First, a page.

Money Talks, But Does It Speak Amharic?

October 30th, 2006 Print Print Email Email

Immigrant-Focused News Outlets Find Growing Audience, Funding Obstacles

Dereje Desta By Krissah William
Washington Post Staff Writer
Monday, October 30, 2006

Dereje Desta worked the room, passing out fliers promoting his biweekly newspaper’s fourth anniversary. He is the founder, owner, editor and sole reporter of Washington’s only Ethiopian-oriented news publication.

He is also its only salesman, trying to build his small newspaper’s revenue and convince advertisers that the more than 22,000 Ethiopians living in the Washington region are a valuable consumer base.
“The main things is to explain my community, how large they are,” Desta, whose first language is Amharic, said in halting English.
Desta, 41, was one of a dozen of the newest entrants into Washington’s growing media industry who mingled over drinks, grilled shrimp and roasted duck tarts at a reception Thursday evening at the Center for American Progress.
The center has dubbed these ethnic-media leaders the New-Media Moguls, though it’s a name that reflects a lot more hope than reality. They have little or no financial backing; their chief asset is access to the nation’s fastest-growing market: immigrants.
In that way they have the opposite problem of traditional media. While general-market newspapers and broadcast networks are profitable, their well-heeled audience is steadily shrinking. These ethnic media — whose readers, viewers and listeners are often recent immigrants of lower income and limited interest to advertisers — say their current worth may be small but their potential is immense.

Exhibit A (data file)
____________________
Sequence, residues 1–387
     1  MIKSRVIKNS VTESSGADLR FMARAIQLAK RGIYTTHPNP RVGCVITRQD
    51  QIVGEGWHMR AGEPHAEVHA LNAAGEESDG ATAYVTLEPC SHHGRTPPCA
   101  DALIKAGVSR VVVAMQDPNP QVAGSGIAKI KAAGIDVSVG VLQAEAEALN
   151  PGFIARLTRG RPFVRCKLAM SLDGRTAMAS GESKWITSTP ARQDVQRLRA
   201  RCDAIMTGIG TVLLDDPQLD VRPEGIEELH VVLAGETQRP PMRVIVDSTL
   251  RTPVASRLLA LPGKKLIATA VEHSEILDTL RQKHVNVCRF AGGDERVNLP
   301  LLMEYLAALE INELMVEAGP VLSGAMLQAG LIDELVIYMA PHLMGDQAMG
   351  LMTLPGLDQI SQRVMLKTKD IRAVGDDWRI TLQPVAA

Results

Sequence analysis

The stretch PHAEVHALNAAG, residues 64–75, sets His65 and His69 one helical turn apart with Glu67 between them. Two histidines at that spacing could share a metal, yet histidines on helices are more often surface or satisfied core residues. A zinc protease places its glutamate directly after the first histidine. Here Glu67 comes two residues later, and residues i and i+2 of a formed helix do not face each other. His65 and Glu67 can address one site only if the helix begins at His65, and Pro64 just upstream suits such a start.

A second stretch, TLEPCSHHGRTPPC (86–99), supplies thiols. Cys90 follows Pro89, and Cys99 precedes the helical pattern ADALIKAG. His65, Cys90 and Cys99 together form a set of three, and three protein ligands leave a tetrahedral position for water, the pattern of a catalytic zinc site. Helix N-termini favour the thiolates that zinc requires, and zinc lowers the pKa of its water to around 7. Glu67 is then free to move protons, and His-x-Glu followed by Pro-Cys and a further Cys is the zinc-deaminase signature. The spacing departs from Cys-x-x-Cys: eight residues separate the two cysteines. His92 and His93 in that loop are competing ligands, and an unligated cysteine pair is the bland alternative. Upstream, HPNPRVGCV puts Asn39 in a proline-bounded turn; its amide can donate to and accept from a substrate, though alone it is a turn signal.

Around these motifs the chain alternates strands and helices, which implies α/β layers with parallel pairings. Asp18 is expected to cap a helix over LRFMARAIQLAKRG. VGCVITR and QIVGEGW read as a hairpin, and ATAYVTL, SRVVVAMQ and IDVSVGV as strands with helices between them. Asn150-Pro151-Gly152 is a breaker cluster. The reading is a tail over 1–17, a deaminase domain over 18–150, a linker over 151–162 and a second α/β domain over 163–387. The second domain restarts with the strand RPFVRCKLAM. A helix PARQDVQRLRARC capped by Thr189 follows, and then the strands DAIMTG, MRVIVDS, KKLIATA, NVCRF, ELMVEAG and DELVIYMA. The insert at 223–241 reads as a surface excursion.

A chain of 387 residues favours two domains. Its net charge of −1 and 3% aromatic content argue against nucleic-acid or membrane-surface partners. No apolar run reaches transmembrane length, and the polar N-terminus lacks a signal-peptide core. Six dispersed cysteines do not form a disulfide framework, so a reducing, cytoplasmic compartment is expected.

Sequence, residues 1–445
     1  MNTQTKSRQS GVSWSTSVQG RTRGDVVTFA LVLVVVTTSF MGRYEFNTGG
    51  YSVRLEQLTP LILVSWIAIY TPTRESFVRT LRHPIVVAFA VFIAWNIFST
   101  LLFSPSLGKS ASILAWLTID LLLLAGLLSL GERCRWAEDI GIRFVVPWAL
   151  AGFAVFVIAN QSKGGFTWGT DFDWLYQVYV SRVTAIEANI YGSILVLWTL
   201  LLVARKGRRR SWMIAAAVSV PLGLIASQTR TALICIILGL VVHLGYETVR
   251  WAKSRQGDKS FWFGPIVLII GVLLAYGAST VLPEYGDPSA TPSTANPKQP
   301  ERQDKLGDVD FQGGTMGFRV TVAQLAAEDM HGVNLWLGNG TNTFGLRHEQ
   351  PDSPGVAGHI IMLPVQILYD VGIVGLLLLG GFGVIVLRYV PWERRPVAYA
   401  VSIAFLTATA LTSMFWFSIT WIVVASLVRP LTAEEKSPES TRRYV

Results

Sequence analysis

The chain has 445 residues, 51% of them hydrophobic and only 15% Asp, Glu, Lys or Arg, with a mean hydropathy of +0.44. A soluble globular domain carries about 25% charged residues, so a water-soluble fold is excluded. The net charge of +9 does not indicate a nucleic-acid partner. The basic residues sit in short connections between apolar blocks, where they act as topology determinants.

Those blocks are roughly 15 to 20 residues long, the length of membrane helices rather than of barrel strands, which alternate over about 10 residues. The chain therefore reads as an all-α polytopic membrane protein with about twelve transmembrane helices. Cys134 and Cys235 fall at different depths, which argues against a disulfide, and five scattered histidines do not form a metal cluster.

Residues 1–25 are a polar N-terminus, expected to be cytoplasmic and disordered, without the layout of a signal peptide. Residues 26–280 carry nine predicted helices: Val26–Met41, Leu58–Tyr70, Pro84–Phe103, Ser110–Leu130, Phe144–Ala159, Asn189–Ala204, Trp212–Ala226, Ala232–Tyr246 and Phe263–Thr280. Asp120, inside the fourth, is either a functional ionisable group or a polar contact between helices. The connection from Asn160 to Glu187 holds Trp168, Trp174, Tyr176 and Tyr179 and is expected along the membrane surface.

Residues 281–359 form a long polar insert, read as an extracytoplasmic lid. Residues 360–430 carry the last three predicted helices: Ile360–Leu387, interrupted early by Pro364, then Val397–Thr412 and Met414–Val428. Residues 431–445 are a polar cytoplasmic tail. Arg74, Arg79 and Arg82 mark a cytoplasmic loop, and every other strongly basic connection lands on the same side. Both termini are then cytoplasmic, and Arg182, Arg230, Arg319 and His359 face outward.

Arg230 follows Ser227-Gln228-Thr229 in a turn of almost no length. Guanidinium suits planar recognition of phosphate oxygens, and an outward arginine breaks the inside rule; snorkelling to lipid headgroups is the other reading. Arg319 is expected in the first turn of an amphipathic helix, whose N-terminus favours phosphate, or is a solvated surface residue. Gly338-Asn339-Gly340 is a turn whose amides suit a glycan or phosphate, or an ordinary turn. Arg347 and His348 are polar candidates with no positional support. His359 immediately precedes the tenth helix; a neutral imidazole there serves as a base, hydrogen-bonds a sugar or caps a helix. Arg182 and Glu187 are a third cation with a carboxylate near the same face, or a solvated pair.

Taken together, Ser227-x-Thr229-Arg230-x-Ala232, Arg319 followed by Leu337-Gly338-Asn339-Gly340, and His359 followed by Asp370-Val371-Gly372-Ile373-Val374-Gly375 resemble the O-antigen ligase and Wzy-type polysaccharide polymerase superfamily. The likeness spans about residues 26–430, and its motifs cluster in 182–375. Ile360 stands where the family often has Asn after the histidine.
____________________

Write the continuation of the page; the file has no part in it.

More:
Their ranks have grown in the past several years as the number of immigrants in the District and its suburbs has soared to more than a million. Nationally, there are more than 2,500 ethnic-media outlets — mostly newspapers and magazines, with a sizable number of radio stations and television broadcasts, according to New America Media, a California-based trade group for immigrant and minority-owned media. In the Washington area, the number is between 80 and 100. Most are Spanish language, reflecting the Latino community’s surging population.
“Washington really now is at the front end of this explosive growth,” said Sandy Close, New America Media’s executive director. “California has seen this growth over decades, but Washington is where it is happening now.”
Among the newer outlets in this region are an Afghan American lifestyle magazine (Zeba, launched in June in English and Dari, aiming at about 14,000 people who are Afghan or descended from Afghan immigrants); a weekly Vietnamese-language television program (District-based Vietnamese American Television, which aims at an audience of 42,000); and a month-old syndicated Spanish-language talk radio show (Epicentro Político, backed by the Corporation for Public Broadcasting, which reaches a dozen cities and is aimed at the country’s 41 million-strong Hispanic market).
Desta’s four-year-old newspaper, Ze Ethiopia — loosely, “Belonging to Ethiopia” — is in English and Amharic. Almost all its advertisers are Ethiopian, mostly lawyers, restaurateurs and parking-garage owners.